Tobold's Blog
Sunday, September 25, 2011
Heroes of Neverwinter

I've been trying D&D: Heroes of Neverwinter after receiving several invites from various Facebook friends. I played a cleric up to level 3, but I'm not sure I want to continue playing. I simply find it too annoying that three quarters of my group consist of characters that aren't my own. I already disliked Dragon Age Legends for exactly the same reason.

I can see how the developers got the idea: Playing a Facebook game with your friends doesn't sound all bad. But in the end the problem becomes exactly the same as with playing World of Warcraft or other MMORPGs: You can only play with friends of an appropriate level. If you friends are much stronger than you, your own contribution is minimal and thus boring. But if you outlevel your friends, their lack of progress is holding you back.

Heroes of Neverwinter is somewhat better in that respect than Dragon Age Legends, because you can always hire mercenaries instead of friends in the tavern. And I see that as a trend in MMORPGs as well: Games like Guild Wars, SWTOR, or Diablo III all offer NPC mercenaries / companions / henchmen to help you over your lack of friends.
"Games ... offer NPC mercenaries / companions / henchmen to help you over your lack of friends."

Is this really the issue? As you said, you have friends playing this game, you just can't play with them due to level spread.

I'd argue that strict linear vertical progression - and the fact that developers haven't been able to mitigate it - is the real problem with group leveling games these days. The harder it gets to find people of the appropriate level playing the appropriate role, the more important it becomes to have solo (or NPC-assisted solo) play if you're going to be able to play at all. This then rockets the player who has more time to play even further ahead of the group, because the time they have online after their friends have signed off can be spent continuing to level, rather than managing banks, auctions, or other things that don't require a group but also don't grant exp.
Like the previous poster, I don't think that "Games ... offer NPC mercenaries / companions / henchmen to help you over your lack of friends." is a accurate or reasonable description of the problem NPC helpers solve.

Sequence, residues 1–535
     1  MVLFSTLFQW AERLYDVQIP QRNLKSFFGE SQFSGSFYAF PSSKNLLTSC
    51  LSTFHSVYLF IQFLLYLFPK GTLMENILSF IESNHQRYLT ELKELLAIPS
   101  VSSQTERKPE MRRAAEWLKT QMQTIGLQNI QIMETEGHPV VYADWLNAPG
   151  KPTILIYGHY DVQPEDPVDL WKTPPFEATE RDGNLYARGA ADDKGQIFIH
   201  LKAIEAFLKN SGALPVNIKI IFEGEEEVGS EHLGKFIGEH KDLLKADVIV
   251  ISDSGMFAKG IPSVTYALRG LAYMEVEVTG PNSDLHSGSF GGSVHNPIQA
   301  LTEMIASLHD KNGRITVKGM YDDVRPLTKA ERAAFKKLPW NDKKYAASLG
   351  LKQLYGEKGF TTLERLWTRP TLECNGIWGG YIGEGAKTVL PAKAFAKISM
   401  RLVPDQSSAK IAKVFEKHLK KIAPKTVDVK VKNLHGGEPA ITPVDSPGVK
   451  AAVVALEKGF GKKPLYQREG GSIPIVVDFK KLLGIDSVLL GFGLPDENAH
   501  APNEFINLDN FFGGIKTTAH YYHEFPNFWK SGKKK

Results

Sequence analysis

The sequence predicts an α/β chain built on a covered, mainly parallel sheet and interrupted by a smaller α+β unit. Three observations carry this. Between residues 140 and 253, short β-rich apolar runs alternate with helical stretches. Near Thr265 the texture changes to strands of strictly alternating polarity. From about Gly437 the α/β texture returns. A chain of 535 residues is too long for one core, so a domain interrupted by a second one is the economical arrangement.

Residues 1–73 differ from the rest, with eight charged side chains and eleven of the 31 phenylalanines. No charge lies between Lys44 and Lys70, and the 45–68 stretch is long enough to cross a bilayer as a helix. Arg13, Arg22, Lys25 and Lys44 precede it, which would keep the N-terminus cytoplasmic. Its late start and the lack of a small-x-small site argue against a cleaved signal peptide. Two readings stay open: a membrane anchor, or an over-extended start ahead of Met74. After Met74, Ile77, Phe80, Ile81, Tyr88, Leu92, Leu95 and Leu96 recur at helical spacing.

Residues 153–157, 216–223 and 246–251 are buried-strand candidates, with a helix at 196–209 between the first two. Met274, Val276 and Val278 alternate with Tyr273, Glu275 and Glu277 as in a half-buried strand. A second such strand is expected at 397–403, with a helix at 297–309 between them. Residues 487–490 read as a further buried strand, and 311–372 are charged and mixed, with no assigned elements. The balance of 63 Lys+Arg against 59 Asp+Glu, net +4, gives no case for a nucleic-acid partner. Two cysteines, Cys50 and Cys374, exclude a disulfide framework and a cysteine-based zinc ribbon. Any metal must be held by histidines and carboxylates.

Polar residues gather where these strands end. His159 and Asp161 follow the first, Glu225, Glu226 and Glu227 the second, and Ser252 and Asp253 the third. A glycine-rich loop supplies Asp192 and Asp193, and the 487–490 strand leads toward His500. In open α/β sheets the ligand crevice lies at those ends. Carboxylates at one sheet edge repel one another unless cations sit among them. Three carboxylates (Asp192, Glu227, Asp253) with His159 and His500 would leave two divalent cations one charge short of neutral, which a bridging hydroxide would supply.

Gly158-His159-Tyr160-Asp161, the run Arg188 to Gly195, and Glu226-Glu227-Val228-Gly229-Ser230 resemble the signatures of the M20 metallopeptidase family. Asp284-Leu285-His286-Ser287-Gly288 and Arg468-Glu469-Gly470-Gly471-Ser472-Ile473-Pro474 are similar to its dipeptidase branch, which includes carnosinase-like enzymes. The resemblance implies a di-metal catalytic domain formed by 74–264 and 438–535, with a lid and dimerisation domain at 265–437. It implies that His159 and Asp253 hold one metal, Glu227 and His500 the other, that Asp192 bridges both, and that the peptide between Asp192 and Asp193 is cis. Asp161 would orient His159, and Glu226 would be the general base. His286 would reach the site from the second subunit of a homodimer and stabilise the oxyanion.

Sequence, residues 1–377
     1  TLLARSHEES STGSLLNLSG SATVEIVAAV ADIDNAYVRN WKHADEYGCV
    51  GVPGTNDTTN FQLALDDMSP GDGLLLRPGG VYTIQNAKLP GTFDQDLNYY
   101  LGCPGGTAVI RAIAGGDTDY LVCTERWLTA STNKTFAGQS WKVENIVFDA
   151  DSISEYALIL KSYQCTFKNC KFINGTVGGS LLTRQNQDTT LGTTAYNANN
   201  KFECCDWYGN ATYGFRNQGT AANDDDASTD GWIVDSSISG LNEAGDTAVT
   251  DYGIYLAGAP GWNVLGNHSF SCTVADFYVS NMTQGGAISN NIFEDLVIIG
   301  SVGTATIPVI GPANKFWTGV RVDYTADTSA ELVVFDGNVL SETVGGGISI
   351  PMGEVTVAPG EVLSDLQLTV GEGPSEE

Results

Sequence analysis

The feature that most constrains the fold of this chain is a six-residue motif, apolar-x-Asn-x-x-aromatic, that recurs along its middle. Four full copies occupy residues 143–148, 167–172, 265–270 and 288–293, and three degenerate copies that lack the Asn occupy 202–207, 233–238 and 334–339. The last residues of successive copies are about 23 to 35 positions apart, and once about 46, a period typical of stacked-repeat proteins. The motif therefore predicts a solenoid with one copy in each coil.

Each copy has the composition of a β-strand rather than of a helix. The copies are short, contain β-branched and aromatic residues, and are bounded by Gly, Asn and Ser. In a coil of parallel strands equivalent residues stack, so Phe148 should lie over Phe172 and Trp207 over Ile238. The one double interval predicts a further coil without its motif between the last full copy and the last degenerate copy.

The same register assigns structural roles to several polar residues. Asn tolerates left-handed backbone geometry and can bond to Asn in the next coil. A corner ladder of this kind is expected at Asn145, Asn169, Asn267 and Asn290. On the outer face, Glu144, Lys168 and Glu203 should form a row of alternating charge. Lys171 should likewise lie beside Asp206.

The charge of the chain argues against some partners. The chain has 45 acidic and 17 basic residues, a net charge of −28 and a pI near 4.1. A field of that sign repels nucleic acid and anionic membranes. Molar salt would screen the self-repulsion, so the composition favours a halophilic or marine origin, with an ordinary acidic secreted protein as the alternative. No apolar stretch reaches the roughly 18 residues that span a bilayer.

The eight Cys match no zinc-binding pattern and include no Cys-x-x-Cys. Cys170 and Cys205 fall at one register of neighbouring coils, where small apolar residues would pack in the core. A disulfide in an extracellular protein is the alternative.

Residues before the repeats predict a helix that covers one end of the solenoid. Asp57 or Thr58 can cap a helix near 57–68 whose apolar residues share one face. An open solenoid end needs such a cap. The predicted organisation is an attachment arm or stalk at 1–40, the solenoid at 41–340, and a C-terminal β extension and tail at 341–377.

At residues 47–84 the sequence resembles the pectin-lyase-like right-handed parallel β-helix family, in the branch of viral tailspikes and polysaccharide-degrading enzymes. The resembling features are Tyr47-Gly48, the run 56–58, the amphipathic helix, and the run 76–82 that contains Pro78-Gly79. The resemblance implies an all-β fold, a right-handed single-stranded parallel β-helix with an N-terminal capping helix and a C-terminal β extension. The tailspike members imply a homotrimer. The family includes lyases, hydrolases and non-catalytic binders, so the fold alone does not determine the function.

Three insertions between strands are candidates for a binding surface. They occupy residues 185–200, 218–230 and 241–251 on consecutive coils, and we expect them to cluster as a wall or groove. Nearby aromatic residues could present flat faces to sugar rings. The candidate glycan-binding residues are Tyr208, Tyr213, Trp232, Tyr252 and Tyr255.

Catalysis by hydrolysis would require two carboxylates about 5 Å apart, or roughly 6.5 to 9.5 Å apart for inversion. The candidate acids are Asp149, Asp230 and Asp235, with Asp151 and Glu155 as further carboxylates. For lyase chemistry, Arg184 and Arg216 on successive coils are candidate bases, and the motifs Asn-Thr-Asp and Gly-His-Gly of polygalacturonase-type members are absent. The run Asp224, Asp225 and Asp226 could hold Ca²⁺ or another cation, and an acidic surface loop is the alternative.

The low level cap in the original Guild Wars alleviated much of this problem and yet Arena net have seen fit to abandon the idea for the sequel. Not sure why.
Well, I should have said "lack of friends of the appropriate level". Of course the same problem can be solved with mentor/sidekick systems.
The two main issues with the game is that 1) Gold is too hard to get and 2) you cannot evaluate characters before you hire/recruit them.

They have improved the gold situation somewhat as dungeons generally now have two or three treasure chests/lootable enemies now whereas earlier in the beta there was only the final chest. It is still open to chance though, as there is no guarantee that the item you pick will be gold (you are presented with 10 options, all hidden, to pick from). This alone makes the game difficult if you do not have alot of friends, as it gets quite expensive to recruit as you level up.

They could easily change this by just adding a gold reward to EVERY dungeon, say, half what it would cost to recruit 3 party members. This means those with few friends would have a decent chance to at least break even, while those with more friends would be likely to end up ahead, thus be more easily able to buy armor and consumables (which, after all, is what a social game would want, right? More friends == more success?)

Character evaluation is a must. You have no idea how many times I have recruited a cleric only to find that he was focused on battle spells and had almost no heals at all. That along can ruin your chances of success.
Yes, in GW2 the problem is alleviated by sidekicking rather than the low level cap. It's just a slightly different-looking bandaid but accomplishes similar results.
I don't really care for mixing of the genres. I want either a Single-Player RPG (read: KOTOR, Elder Scrolls, etc) or an MMORPG (WoW, SWG, Eve, FFXI) not some mixed game where if I want to be anti-social I can do so with a full group of bots.

Then again, I'm a purist
I have never met, nor would I even believe any of you have ever met anyone with 9 real life friends playing the same online game as them. I think it is exceptionally rare to even have 4 actual friends in the same game at the same time (even if level isn't a factor).

Raids and groups are not designed to "play with your friends." You almost never play with your friends. They are designed to force you to play with strangers.
I enjoyed playing strictly with NPCs (because I don't actually have friends who play, or any other for that matter).

I really like the tactical game play, although I find it very frustrating that I have to go back to previous areas because I'm unable to complete the one before it. I'd rather just go back to the one I couldn't get done without repeating the older stuff I've already finished.
Well-programmed NPCs can be more fun to play with than other players. No drama, never have to walk their dogs/pick their kids up from school, often make more amusing comments, don't ask you to do stuff you don't want to do.

I'm pretty sure that once the AI gets sufficiently sophisticated, playing with other actual players will be a minority interest and the phase of MMOs where socializing was a key part of the experience will be seen as the dark ages of the hobby.
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